2. An enjoyable and thought-provoking piece. Your discussion brought to mind Impressionist painting, particularly the series produced by Monet, in which he takes the same subject and paints and repaints it in all seasons and at all times of the day, to show the effects of light on the colours. Or another Monet painting, The Magpie, where what at first looks like ‘white’ snow, turns out on closer inspection to be made up of a myriad of shades – blue, cream, grey, brown…
    Thank you!

    • Thanks Lesley :). I know the Monet paintings you mean I think – like the series of the cathedral? They are fascinating and I’ve often thought about them when I’ve looked out to the hills and moors round here with their changing lights and colours – then wished I was a better painter so that I could have some hope of capturing them lol! Impressionist paintings are extraordinary up close, as you say. I saw one of Monet’s big waterlily paintings at an exhibition at the RA many years ago and couldn’t believe the detail of colour when I looked up close, what a fantastic ability to be able to ‘see’ colour in that way 🙂 xx

  3. This is an extremely interesting and thought-provoking blog post which I thoroughly enjoyed. It is strange how taste in colours changes with age too. The vibrant colours we choose in youth tend to be muted as we grow older, and not just because our skin tone alters. Perhaps we feel the need for a more peaceful and tranquil existence as opposed to the constant challenges and excitement we aspired towards when we were younger? Anyway thank you so much for featuring my Flower and Leaves brooch. As for the rest of the collection – absolutely fabulous! I especially like the tones of copper/turquoise and green/orange which, of course, are complementary colours on the colour wheel as you pointed out!

    • Thank you Pat – glad you enjoyed the post, and it was a pleasure to include your beautiful brooch :). I agree that our tastes change as we age – I hadn’t thought about it but once you’d said it I realised that’s true for me too – while I used to love wearing blindingly bright colours when I was younger, and still have a few favourite bright t-shirts (!!) in general I tend to be more drawn towards earthier shades these days, I honestly can’t explain why lol!! Perhaps you’re right, that the muted tones are actually more calming tones, I don’t need the intense charge of the more vibrant colours so much. Hmm, that’s interesting, you’ve given me something to go away and ponder on 🙂 xx

  4. Polly bucknall on said:

    I love colour…I find it strange when I hear people dream in B&W …my dreams are always in colour :)…..I have different favourite colours depending if you are talking decoration or to wear…if pushed I would say my fave colour is the blue colour of the sky on a sunny day…interesting blog as usual Beth…and love that you added some items from folsky pages at the end 🙂

    • Glad you enjoyed the blog Polly 🙂 – I dream in colour too! I can’t imagine dreaming in B&W! To me colour is often part of the language of my dreams, I tend to remember the colours I see – I think that’s probably one of many reasons why I have sat down and tried to understand what I personally feel about different colours, so that I can understand better what my dreams are trying to say 🙂 xxx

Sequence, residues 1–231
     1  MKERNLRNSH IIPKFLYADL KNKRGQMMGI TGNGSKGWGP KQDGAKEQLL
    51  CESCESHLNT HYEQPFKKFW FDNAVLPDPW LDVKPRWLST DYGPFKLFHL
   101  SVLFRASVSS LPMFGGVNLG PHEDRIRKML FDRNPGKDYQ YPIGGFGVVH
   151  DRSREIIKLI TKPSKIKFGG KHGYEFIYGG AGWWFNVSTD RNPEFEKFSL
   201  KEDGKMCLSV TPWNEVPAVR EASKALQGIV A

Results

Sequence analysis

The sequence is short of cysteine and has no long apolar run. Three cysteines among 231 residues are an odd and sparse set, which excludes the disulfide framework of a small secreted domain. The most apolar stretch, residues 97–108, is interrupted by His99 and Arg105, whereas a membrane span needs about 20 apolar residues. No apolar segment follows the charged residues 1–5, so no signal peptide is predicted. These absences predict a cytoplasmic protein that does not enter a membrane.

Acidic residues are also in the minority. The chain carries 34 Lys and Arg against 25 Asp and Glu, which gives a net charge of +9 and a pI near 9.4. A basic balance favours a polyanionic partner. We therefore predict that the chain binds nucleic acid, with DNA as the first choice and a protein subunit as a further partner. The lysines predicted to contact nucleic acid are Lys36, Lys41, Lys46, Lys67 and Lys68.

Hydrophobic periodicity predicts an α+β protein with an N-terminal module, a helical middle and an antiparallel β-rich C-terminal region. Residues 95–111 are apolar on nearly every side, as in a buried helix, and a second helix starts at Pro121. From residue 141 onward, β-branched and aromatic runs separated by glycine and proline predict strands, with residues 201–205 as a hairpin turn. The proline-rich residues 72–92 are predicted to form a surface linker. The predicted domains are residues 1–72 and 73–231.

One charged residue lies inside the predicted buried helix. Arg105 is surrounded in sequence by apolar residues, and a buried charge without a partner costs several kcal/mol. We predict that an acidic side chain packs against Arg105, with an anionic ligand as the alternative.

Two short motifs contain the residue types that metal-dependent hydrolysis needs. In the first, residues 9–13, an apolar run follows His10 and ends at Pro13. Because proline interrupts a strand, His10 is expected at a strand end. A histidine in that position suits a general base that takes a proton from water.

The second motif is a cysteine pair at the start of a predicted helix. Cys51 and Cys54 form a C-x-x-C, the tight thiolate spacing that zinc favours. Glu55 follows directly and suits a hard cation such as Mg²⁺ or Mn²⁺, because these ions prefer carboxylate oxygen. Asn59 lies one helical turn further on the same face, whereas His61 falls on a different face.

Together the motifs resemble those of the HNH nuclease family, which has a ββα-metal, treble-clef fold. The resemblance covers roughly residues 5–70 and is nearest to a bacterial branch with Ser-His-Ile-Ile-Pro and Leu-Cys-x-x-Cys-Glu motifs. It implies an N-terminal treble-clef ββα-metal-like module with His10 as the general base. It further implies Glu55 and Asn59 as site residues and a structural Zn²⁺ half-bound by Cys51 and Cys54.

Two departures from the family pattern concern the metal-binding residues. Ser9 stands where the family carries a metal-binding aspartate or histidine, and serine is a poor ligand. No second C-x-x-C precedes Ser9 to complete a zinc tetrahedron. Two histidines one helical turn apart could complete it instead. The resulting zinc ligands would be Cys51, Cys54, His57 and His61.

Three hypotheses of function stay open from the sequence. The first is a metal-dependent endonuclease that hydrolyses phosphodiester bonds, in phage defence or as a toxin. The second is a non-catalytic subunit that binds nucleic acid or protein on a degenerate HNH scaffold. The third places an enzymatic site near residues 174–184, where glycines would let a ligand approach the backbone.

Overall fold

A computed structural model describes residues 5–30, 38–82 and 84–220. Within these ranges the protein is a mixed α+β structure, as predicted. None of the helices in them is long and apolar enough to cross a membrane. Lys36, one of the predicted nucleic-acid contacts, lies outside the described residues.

• Polly bucknall on said:

        yes Beth, I definately agree that colour in dreams play a part in interpreting them …though I am not into dream interpretation on a regular basis ,one of the most memorable and wonderful dreams I had in recent months featured colour in a big way…..when I woke up I was amazed that by relating the colours to crystals and the chakras linked with them I knew even without much analysing what the dream meant 🙂 xx

  5. Like you say everyone has different feelings to certain colours. I just love colour, from bright to muted. My partner and I live in a flat by the sea and the colour in each room reflects that. I try to let people feel confident abut choosing and matching colours and not to be frightened at experimenting. A friend requested a quilt in Aubergine and Lime Green and it was only after I’d put it together that I started noticing that planting schemes in some gardens I had visited, had chosen exactly that!
    So embrace colour in all aspects of our lives – it will make us feel better.

    • That’s interesting about choosing colours that reflect the environment that you live in. I think we do tend to absorb those colours that surround us all the time. Colour seems to be part of the way that we form a connection to a place. And I’m all for experimenting with colour! It’s amazing sometimes, the colours that you just wouldn’t think would go, just look fantastic with each other! 🙂 xx

  6. Thanks for including my work in such an inspirational blog. The choice of colour being intuitive strikes a chord with me. I often work that way;drawing from from the subconcious for my colour inspiration as well as for the aesthetic qualities. More often than not my favourites are the colours that are spiritual or dream like; that create a sense of serenity and well

    • You’re welcome Amanda – I’m glad you enjoyed it :). It’s so interesting with the different responses to this post, to see the different ways that people relate to colour and draw on its inspiration. That serene dream-like quality you mentioned really comes across in your work and I think it was that feeling within the colour that I picked up on and was drawn to 🙂 xx

  7. Great Blog! Thanks for the useful links. So much to read up on!

    • Glad you enjoyed it Sophie, and that the links are useful :). It really is such a vast subject. I realised when I was writing that I could only really scratch the surface!! 🙂 xx